Warren, Blumenthal, Maloney, and DeSaulnier Urge DOJ to Immediately Appeal Purdue Pharma’s Bankruptcy Plan that Would Shield Sackler Family from Accountability for Opioid Crisis
Washington, D.C. - United States Senators Elizabeth Warren (D-Mass.) and Richard Blumenthal (D-Conn.), and United States Representatives Carolyn B. Maloney (D-N.Y.) and Mark DeSaulnier (D-Calif.) sent a letter urging the Department of Justice (DOJ) to file an immediate appeal of Purdue Pharma, L.P.’s bankruptcy plan of reorganization that would prevent the Sackler family from being held accountable for the opioid crisis. If the Bankruptcy Court confirms the plan at the confirmation hearing set for next week, the Sackler family would be released from individual accountability for the opioid crisis they helped create. Victims and several state Attorneys General who want to litigate their cases against the Sacklers would be unjustly denied the opportunity to pursue their claims.
Since Purdue Pharma filed for bankruptcy in 2019, the Sackler family has tried to use non-consensual third-party releases, to protect themselves and their assets from lawsuits linked to the opioid crisis. This loophole in bankruptcy law has increasingly been used by bad actors who have not filed for bankruptcy to escape personal accountability for their actions by shielding themselves through a bankruptcy proceeding of another corporation or entity. While the Nondebtor Release Prohibition Act of 2021 — recently introduced by Senators Warren and Blumenthal, and Representatives Nadler and Maloney — would virtually eliminate the use of non-consensual third-party releases, the members are seeking DOJ intervention in the impending confirmation of Purdue’s reorganization plan to ensure the due process rights of non-consenting creditors are preserved.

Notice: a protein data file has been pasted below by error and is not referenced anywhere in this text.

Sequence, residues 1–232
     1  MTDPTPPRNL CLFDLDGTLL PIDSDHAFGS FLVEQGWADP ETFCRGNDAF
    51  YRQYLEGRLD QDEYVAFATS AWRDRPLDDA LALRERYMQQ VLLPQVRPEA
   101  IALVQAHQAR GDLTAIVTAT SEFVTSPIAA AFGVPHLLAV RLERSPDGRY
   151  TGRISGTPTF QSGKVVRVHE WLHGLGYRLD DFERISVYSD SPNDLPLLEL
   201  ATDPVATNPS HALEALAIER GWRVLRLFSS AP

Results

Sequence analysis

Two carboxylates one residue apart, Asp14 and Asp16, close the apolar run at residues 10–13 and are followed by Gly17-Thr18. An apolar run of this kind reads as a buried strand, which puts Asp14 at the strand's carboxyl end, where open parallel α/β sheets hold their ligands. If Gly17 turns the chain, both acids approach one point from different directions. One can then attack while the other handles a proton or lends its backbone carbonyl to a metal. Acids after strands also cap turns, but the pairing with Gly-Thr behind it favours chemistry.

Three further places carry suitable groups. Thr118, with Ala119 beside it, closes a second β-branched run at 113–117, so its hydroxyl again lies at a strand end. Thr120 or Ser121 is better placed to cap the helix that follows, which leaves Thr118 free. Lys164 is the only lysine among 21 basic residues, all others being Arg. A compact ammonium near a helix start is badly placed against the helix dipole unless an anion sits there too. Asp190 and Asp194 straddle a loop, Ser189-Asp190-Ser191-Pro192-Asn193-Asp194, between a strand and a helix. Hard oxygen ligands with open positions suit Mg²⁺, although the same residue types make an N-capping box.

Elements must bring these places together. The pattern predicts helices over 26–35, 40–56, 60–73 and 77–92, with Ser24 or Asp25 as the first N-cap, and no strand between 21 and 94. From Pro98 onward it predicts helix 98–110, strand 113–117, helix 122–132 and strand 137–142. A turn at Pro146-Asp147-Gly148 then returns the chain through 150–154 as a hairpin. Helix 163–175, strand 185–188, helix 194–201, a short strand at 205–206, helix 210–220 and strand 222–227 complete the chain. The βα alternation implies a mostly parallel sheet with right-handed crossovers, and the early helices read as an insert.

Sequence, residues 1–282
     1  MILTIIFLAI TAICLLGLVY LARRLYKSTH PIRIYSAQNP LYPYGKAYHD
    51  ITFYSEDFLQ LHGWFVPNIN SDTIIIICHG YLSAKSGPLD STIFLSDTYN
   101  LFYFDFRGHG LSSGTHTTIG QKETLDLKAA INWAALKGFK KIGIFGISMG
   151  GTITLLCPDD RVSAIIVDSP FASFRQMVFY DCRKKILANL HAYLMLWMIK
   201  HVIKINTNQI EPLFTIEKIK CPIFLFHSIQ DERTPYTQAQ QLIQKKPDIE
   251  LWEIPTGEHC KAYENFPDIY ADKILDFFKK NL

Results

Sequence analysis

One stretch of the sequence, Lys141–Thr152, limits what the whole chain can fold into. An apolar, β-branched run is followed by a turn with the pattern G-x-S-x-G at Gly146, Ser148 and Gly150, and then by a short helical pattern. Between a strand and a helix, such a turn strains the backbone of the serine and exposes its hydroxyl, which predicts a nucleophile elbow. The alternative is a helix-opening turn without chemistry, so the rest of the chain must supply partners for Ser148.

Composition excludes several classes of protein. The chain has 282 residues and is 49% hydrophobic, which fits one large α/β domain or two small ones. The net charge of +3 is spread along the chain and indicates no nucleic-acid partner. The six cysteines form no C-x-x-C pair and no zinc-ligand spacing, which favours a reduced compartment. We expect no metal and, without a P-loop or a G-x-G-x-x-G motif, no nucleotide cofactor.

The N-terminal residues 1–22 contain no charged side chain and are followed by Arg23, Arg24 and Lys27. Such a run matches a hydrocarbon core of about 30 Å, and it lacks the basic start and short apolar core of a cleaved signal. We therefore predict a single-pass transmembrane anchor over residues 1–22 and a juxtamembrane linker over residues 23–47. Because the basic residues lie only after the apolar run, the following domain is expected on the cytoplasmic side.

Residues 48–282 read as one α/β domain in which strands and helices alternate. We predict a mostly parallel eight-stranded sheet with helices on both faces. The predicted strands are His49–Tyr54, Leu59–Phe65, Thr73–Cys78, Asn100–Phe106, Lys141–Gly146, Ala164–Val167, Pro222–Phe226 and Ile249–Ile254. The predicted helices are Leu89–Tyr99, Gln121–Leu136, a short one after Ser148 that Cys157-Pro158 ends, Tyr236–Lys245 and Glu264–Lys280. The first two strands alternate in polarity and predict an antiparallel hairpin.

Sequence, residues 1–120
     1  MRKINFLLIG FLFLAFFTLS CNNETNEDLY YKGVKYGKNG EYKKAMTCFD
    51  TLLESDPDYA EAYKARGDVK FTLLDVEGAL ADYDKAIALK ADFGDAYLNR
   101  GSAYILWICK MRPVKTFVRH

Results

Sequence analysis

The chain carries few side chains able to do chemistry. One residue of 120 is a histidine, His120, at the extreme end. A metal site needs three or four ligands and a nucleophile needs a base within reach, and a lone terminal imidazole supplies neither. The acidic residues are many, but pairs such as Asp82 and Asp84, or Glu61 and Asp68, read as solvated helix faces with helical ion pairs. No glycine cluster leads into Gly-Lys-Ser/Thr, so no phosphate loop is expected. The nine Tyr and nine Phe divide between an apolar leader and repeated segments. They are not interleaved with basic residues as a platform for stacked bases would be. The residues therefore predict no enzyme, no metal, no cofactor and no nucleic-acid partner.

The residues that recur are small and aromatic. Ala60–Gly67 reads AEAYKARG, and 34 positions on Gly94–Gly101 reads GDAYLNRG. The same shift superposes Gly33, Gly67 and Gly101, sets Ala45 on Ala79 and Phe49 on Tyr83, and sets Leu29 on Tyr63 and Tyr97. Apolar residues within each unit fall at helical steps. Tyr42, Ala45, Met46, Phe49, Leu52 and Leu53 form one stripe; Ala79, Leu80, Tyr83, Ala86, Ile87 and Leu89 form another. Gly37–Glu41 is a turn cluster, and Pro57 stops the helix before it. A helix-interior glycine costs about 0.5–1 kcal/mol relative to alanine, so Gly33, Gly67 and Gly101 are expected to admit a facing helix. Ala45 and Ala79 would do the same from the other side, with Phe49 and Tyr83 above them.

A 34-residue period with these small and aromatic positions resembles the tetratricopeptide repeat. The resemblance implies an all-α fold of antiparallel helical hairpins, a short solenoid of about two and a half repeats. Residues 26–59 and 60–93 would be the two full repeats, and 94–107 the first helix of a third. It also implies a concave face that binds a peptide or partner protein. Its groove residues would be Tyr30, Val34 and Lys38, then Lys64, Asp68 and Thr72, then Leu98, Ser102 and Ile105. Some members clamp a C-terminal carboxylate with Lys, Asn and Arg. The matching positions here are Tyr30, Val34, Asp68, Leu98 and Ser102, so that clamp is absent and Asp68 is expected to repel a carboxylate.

“From the outset of this case members of the Sackler family have piggybacked off of Purdue’s bankruptcy case to avoid personal accountability for their actions at Purdue,” said Senator Warren. “The Sacklers bear a significant responsibility for the opioid crisis and they should not be allowed to abuse the bankruptcy system to avoid accountability for their actions. DOJ has stated that these non-consensual third-party releases violate due process and the agency has a responsibility to quickly put an end to the Sacklers' irresponsible and unfair attempts to evade accountability for the suffering they’ve caused.”
“The Sackler family fortune was built on the graves of people killed by opioids. Now the Sacklers are trying to use the bankruptcy court’s restructuring process to protect their blood money and avoid personal accountability for their actions that harmed thousands of Americans and their families. The Department of Justice can stop the Sacklers’ abuse of the court system by filing an immediate appeal and preventing these bad actors from using bankruptcy proceedings as a free pass,” said Senator Blumenthal.